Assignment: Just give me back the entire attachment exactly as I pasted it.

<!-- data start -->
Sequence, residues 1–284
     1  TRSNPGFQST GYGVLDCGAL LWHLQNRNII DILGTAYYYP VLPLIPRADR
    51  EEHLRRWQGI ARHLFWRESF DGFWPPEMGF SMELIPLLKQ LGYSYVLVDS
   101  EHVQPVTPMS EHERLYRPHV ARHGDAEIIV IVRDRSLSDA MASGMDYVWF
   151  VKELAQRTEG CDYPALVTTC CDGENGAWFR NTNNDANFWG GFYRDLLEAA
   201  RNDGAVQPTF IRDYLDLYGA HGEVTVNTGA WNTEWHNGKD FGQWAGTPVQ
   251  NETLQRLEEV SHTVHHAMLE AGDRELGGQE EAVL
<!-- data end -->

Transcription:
Sequence, residues 1–284
     1  TRSNPGFQST GYGVLDCGAL LWHLQNRNII DILGTAYYYP VLPLIPRADR
    51  EEHLRRWQGI ARHLFWRESF DGFWPPEMGF SMELIPLLKQ LGYSYVLVDS
   101  EHVQPVTPMS EHERLYRPHV ARHGDAEIIV IVRDRSLSDA MASGMDYVWF
   151  VKELAQRTEG CDYPALVTTC CDGENGAWFR NTNNDANFWG GFYRDLLEAA
   201  RNDGAVQPTF IRDYLDLYGA HGEVTVNTGA WNTEWHNGKD FGQWAGTPVQ
   251  NETLQRLEEV SHTVHHAMLE AGDRELGGQE EAVL